15. ^ a b c d "Final Fantasy mobile" (in Japanese). Square Enix. Retrieved 2010-04-09. 
  16. ^ "Final Fantasy II for WSC". GameSpot. Retrieved 2010-03-29. [dead link]
  17. ^ "Final Fantasy II for PlayStation". GameSpot. Retrieved 2010-03-29. [dead link]
  18. ^ a b "Final Fantasy II for Cell Phones". GameSpot. Retrieved 2010-03-29. [dead link]
  19. ^ "Final Fantasy II Anniversary Edition for PSP". GameSpot. Retrieved 2010-03-29. [dead link]
  20. ^ "Final Fantasy II for iPhone/iPod". GameSpot. Retrieved 2010-03-29. [dead link]
  21. ^ a b c "Final Fantasy III for DS". GameSpot. Retrieved 2010-03-26. [dead link]
  22. ^ http://na.square-enix.com/finalfantasyiii/go/article/view/blog/258969/final_fantasy_iii_available_now_on_google_playandroid
  23. ^ "Final Fantasy III for DS". GameSpot. Retrieved 2010-03-26. [dead link]
  24. ^ a b c d e f "Square Enix Japan: Games 1995-1991" (in Japanese). Square Enix. Retrieved 2008-01-03. 
  25. ^ "Final Fantasy II for SNES". GameSpot. Retrieved 2008-01-03. [dead link]
  26. ^ a b c d "Final Fantasy Anthology: European Edition". GameSpot. Retrieved 2012-12-19. [dead link]
  27. ^ a b c Clark, James (2008-05-21). "Final Fantasy IV". RPGFan. Retrieved 2010-04-08. 
  28. ^ "Final Fantasy IV for PlayStation". GameSpot. Retrieved 2010-03-29. [dead link]
  29. ^ "Final Fantasy IV for WSC". GameSpot. Retrieved 2010-03-29. [dead link]
  30. ^ a b "Final Fantasy IV Advance for Game Boy Advance". GameSpot. Retrieved 2010-03-29. [dead link]
  31. ^ "Final Fantasy IV for DS". GameSpot. Retrieved 2010-03-29. [dead link]
  32. ^ By Spencer . October 5, 2009 . 11:33am (2009-10-05). "There May Be A Reason To Play Final Fantasy IV Mobile". Siliconera. Retrieved 2013-11-19. 
  33. ^ "Final Fantasy II for SNES". GameSpot. Retrieved 2010-04-09. [dead link]
  34. ^ a b c d e f "Final Fantasy Collection" (in Japanese). Square Enix. Retrieved 2007-07-27.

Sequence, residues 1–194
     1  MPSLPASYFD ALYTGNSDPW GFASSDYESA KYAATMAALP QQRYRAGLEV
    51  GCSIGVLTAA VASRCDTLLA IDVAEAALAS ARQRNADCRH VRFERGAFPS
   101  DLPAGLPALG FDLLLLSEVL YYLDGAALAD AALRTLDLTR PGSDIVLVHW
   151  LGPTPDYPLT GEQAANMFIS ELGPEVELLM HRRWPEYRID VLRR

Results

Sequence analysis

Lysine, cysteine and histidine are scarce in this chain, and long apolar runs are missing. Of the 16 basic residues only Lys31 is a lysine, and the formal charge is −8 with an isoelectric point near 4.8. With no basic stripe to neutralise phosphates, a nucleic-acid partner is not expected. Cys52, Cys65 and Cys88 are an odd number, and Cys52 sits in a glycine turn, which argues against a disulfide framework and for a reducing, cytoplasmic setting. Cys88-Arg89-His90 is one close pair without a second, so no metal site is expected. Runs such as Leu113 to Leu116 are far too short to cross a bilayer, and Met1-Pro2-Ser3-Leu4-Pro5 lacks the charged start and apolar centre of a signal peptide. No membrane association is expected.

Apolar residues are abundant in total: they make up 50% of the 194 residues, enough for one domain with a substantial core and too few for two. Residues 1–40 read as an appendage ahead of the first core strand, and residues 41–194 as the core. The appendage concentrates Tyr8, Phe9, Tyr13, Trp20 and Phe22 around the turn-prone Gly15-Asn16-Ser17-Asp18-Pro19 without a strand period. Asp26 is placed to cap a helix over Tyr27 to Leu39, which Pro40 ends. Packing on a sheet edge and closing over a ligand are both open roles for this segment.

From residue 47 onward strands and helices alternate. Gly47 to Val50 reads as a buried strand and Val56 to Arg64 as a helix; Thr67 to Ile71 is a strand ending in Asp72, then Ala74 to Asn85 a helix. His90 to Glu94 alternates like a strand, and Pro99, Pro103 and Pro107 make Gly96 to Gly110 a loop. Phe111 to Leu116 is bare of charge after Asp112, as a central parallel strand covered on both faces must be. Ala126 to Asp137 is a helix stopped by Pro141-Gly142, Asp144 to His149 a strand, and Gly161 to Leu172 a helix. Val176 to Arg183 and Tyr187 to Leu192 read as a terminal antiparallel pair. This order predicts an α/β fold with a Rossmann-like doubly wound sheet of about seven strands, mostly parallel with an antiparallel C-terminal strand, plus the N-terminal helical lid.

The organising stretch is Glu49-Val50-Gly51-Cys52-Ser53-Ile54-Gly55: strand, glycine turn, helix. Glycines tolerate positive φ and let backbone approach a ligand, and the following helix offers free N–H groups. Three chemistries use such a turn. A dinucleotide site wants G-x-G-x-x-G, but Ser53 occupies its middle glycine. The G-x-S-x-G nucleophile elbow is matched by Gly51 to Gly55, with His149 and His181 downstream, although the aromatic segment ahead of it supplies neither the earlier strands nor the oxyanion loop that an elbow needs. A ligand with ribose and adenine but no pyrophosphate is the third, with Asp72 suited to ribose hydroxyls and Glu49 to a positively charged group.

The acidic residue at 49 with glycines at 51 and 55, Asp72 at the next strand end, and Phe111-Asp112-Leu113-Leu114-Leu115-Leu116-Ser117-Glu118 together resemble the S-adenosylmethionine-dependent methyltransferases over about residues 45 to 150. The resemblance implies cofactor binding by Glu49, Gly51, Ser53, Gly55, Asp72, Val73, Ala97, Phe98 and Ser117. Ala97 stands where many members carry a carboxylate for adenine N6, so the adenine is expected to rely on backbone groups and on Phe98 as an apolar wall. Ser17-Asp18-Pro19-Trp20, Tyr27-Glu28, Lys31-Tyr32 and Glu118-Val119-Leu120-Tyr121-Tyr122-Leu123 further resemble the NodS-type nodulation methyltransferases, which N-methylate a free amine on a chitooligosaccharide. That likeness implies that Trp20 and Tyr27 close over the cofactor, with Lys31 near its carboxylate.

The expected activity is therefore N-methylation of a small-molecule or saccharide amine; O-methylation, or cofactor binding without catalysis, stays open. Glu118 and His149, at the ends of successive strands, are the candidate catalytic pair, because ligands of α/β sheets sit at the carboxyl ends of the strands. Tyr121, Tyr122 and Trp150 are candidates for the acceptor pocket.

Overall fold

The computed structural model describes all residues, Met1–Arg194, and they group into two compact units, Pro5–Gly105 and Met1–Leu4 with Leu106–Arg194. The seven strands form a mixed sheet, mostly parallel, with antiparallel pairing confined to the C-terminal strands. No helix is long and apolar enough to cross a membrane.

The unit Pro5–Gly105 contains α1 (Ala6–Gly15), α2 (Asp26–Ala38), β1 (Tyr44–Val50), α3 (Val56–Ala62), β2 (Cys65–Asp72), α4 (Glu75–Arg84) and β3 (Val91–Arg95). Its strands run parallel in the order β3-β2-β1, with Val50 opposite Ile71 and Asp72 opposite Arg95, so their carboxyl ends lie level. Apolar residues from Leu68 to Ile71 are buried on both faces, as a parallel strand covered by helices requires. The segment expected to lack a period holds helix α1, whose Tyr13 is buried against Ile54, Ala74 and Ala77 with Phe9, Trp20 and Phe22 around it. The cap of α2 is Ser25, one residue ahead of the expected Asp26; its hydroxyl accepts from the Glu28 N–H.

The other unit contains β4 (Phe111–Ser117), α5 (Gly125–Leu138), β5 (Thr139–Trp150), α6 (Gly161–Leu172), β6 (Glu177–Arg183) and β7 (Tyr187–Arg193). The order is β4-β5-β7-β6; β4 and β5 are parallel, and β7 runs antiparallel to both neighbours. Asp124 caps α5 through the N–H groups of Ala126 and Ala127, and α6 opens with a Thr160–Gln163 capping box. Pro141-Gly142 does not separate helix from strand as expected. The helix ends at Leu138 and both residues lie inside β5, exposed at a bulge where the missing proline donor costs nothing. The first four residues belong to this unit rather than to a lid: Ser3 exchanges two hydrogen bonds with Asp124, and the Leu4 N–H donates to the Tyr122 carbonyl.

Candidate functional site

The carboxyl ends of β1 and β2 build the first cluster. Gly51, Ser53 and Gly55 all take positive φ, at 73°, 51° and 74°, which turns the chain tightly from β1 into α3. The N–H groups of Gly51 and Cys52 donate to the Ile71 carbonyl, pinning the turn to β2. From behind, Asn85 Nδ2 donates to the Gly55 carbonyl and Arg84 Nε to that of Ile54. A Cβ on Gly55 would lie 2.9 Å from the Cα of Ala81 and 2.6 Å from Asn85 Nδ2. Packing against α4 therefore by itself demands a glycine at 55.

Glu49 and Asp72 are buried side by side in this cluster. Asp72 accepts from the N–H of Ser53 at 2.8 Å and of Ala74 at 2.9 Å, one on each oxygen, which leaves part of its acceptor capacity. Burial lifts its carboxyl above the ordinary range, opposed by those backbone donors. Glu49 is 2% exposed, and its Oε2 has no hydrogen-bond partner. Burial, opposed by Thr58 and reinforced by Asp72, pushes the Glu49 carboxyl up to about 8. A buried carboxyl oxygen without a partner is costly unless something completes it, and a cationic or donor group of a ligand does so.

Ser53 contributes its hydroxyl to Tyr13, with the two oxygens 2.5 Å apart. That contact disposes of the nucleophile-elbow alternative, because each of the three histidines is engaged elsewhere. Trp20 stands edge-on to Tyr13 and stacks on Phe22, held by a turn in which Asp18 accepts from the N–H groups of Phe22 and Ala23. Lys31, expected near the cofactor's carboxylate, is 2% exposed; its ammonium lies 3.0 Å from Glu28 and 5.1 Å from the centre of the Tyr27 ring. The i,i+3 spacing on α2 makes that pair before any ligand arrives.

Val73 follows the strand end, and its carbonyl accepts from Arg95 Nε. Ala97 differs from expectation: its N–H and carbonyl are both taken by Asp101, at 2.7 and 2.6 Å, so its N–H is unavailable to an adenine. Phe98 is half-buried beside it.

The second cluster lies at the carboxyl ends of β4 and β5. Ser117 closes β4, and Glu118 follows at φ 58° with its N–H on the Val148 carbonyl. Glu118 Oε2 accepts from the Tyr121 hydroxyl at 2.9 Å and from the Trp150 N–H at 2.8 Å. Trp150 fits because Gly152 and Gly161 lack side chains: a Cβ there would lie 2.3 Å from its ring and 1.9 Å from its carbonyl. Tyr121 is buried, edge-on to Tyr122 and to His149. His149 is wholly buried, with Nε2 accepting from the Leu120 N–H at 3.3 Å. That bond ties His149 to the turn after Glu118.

35. ^ a b c d "Final Fantasy Chronicles". GameSpot. Retrieved 2008-06-29. [dead link]
  36. ^ a b c d e f "Final Fantasy Anthology". IGN. Retrieved 2010-01-27. 
  37. ^ a b c d "FINAL FANTASY 続々。" (in Japanese). Square Enix. Retrieved 2007-01-24. 
  38. ^ "Final Fantasy V for PlayStation". GameSpot. Retrieved 2010-03-26. [dead link]
  39. ^ a b "Final Fantasy V for Game Boy Advance". GameSpot. Retrieved 2010-03-26. [dead link]
  40. ^ "1995 - 1991| Square Enix". Square Enix. Retrieved 2009-08-26. 
  41. ^ a b "Final Fantasy VI for PlayStation". GameSpot. Retrieved 2010-03-26. [dead link]
  42. ^ a b "Final Fantasy VI for Game Boy Advance". GameSpot. Retrieved 2010-03-26. [dead link]
  43. ^ "Final Fantasy III for SNES". GameSpot. Retrieved 2010-03-26. [dead link]
  44. ^ a b c d e f "Square Enix Japan: Games 2000-1996" (in Japanese). Square Enix. Retrieved 2008-01-03. 
  45. ^ Smith, Molly; Kramer, Chris (1997-02-09). "Sony Computer Entertainment America Unveils Release Date For Most Anticipated Video Game Title of 1997". Business Wire. Retrieved 2007-03-03. 
  46. ^ "SCEE 1997 - Key facts and figures". SCEE. 1997. Retrieved 2006-11-25. [dead link]